A bagel, traditionally shaped by hand into the form of a ring from yeasted wheat dough, roughly hand-sized, is first boiled for a short time in water and then baked. As a result, it is dense and chewy inside and browned and sometimes crispy outside. Bagels are often topped with seeds baked on the outer crust, with the traditional ones being poppy, sunflower or sesame seeds. Some also may have salt sprinkled on their surface, and there are also a number of different dough types, such as whole-grain or rye.
They probably originated in Poland and were widely consumed in East European Jewish communities from the 17th century.
The design is hundreds of years old and provides for a more even cooking and baking of the dough while the hole could be used to thread string through groups of bagels, thus allowing for easier handling and transportation.
In the Brick Lane district and surrounding area of London, England, bagels, locally spelled “beigels”, have been sold since the 19th century. They were often displayed in the windows of bakeries on vertical wooden dowels, up to a metre in length, on racks.
Traditional bagel dough contains wheat flour (without germ or bran), salt, water, and yeast leavening. Bread flour or other high gluten flours are preferred to create the firm and dense but spongy bagel shape and chewy texture. Most bagel recipes call for the addition of a sweetener to the dough, often barley malt, honey, high fructose corn syrup, sugar, with or without eggs, milk or butter.
Bagels are traditionally made by mixing and kneading the ingredients to form the dough, then shaping the dough into the traditional shape, round with a hole in the middle, proofing the bagels for at least 12 hours at low temperature (5-10 °C), boiling each bagel in water that may or may not contain additives such as lye, baking soda, barley malt syrup, or honey and finally baking them in the oven.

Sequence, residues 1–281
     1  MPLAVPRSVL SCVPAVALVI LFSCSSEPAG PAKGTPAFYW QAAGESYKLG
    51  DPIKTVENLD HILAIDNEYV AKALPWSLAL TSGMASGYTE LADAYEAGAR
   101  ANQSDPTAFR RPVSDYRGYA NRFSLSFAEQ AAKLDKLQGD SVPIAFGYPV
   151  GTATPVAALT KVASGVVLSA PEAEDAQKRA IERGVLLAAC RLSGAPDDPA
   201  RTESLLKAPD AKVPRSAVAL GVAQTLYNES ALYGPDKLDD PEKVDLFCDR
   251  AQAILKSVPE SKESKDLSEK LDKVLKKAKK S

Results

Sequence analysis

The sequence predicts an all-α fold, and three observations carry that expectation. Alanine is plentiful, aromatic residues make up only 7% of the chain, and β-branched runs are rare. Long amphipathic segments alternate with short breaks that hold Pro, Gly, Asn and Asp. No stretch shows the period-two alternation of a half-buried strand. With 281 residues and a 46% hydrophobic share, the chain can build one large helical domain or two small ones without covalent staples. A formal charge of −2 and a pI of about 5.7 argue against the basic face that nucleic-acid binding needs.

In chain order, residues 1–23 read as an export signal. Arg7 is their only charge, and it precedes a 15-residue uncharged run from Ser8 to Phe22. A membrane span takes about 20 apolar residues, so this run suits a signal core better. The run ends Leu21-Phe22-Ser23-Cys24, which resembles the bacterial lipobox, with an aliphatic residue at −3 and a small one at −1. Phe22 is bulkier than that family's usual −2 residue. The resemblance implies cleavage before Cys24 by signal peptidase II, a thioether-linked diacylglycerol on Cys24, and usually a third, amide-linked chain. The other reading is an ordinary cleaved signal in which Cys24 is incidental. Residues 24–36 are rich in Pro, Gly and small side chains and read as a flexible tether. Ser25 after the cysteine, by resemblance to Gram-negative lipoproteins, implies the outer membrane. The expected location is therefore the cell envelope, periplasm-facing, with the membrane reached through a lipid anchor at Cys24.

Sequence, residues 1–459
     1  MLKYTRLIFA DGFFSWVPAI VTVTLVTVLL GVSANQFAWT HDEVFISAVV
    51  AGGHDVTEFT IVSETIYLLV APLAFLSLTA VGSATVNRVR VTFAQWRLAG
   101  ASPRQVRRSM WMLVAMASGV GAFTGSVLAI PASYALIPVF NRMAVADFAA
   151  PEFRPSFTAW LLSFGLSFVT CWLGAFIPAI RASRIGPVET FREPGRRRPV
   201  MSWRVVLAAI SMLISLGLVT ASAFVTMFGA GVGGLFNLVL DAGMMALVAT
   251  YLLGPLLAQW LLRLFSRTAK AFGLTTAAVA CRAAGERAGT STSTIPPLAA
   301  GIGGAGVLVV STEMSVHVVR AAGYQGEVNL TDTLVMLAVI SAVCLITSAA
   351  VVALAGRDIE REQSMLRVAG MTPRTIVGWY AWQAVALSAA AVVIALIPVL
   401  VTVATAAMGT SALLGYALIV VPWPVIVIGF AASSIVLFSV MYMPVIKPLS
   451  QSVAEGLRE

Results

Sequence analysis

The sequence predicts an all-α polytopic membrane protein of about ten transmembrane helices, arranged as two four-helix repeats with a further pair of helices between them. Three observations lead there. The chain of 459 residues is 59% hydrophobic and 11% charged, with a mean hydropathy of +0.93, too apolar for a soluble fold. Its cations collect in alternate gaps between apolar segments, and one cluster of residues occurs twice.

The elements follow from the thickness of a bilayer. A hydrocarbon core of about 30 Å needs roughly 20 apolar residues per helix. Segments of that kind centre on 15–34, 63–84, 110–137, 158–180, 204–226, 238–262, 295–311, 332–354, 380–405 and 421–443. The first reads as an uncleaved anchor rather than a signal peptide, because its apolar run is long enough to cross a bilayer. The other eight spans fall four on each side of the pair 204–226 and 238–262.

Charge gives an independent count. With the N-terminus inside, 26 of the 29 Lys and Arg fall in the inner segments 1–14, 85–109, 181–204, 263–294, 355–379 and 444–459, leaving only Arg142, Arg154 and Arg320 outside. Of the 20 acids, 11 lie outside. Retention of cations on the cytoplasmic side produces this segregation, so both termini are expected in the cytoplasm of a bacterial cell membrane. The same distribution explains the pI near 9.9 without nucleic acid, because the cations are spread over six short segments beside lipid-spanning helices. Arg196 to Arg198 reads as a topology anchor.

In recent years, a variant of this process has emerged, producing what is called the steam bagel. Here, the process of boiling is skipped, and the bagels are instead baked in an oven equipped with a steam injection system.
A typical bagel has 250-350 calories and 1.0-4.5 grams of fat. Gluten-free bagels have much more fat.
Traditional bagels in North America can be either Montreal-style or New York-style bagels.
The “Montreal-style bagel” is a little smaller and has a bigger hole. The set of standards is really strict. Every single one has to be handmade, poached in honey-infused water, and cooked in a wood-burning oven. It contains malt and sugar but no salt.
The “New York bagel” contains salt and malt and is boiled in water before baking in a standard oven. The resulting bagel is puffy with a moist crust.
Similar foods can be found in many countries in Eastern and Central Europe, Turkey, China or Japan.
Bagels are now a popular bread product in North America and are available, either fresh or frozen, in many major supermarkets. Bagels with cream cheese and lox (cured salmon) are considered a traditional part of American Jewish cuisine. Many corporate chains now offer bagels in such flavors as chocolate chip and French toast. Sandwich bagels have been popularized since the late 1990s by bagel specialty shops and fast food restaurants. Breakfast bagels, a softer, sweeter variety usually sold in fruity or sweet flavors are commonly sold sliced by large supermarket chains and are intended to be prepared in a toaster.
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